Superheist

Ghosts of the Social Dead

Ghosts of the Social Dead

Dinner for Wolves
Reviewed By Simon Milburn
Published 29/11/2016

Why do bands feel the need to try and revive a genre or style that’s been a long time dead? I’m talking about nu-metal. Sure, Korn are still sticking at it and doing their thing rather well to be honest. But the rest of those bands that appeared in the late 90’s and early 00’s have thankfully gone the way of the dodo. Australia’s own nu-metal soldiers Superheist have returned after a 13 year hiatus. To be honest, we didn’t have a lot to offer to the nu-metal genre during its heyday, so it’s fair to say that Superheist were our only hope. Having said that, I’m not sure how much value there is in a return from the group after so much time away.

After disbanding all those years ago, I think it’s fair to say many never thought a return from Superheist was on the cards. But here they are, with new vocalist Ezekiel Ox (Full Scale) out front. Whilst the band’s earlier releases may hold up in this day and age, to be fair, this one is just average and well, unnecessary. The opening riffs, complete with the spacey echo effect to boot, that define “Wolves in Your Headspace” really define what to expect from the next 40 minutes and really, none of it raises the bar above mediocre.

Sure the production sounds good thanks to Jay Baumgardner (Coal Chamber, Papa Roach, Drowning Pool, P.O.D., Orgy) but really, unless you’re absolutely frothing at the mouth for a brand spanking new nu-metal release, then Superheist are really bringing nothing to the table with Ghosts of the Social Dead. Don’t believe me? Well just check out the Linkin Park rip off that is “Back to Base”. The chorus is everything I associate with Linkin Park’s debut album. Don’t get me wrong, I like that album. But I don’t need to hear a rehashed version of it some 16 years later. Still don’t believe me about the lack of originality of this album? How about the lyrical brilliance of “Flick the Switch”? Good lord, just how many times was the line repeated throughout? It doesn’t get anymore one dimensional than this.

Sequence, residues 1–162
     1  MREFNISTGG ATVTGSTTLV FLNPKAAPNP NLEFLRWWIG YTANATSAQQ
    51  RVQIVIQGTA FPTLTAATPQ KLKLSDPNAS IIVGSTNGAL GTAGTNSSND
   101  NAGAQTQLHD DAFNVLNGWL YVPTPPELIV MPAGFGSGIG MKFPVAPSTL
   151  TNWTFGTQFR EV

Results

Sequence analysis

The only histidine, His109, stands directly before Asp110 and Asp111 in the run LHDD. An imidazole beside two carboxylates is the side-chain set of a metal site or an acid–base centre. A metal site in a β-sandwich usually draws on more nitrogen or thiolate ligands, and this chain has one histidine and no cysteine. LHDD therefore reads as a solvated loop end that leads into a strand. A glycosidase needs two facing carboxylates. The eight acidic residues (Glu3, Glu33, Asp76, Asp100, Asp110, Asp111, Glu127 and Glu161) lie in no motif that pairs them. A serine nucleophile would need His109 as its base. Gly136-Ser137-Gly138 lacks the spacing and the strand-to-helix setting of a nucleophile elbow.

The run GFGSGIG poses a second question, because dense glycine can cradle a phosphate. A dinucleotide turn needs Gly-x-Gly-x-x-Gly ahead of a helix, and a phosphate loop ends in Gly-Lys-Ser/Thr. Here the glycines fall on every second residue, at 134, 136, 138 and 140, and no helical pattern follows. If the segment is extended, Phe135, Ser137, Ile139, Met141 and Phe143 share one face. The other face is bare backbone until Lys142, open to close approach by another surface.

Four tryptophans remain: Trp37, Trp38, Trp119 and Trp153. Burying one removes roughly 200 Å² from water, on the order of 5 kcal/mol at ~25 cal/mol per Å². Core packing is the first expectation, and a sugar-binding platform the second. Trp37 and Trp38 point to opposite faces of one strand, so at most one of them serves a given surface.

I’m all for supporting bands and recognising bands who are delivering something of value when they unleash something new or a new version of something old unto the masses. Sure some bands churn out albums with AC/DC like predictability and that’s totally fine as long as the final product holds its own. But y’know, sometimes, some things are better left dead and well and truly buried. Sometimes, bands return from neverland and deliver. Sometimes, they return from neverland and you hope they return with haste. I hate to say this about my countrymen but Ghosts of the Social Dead totally falls into that category. I still have a bit of a soft spot for some nu-metal releases. I’ll be totally honest about this one - Superheist have delivered an average album that sounds good. Sure, musically it’s sound but I’m not sold that Ox’s vocals fit just as I’m not sold that the world needs another nu-metal album. Perhaps it’s a case of a little from column A and a little from column B. Either way, the bottom line is that Ghosts of the Social Dead is chock full of filler mixed with very little to no killer material. Maybe it’s teething problems that will sort themselves out with a future release. It would be nice to think that is the case. However, I’m more resigned to the fact that it’s not and Superheist would be better off being a part of Aus metal history rather than trying to resurrect it years later.

Ghosts of the Social Dead

Dinner for Wolves

Reviewed By Simon Milburn
Published 29/11/2016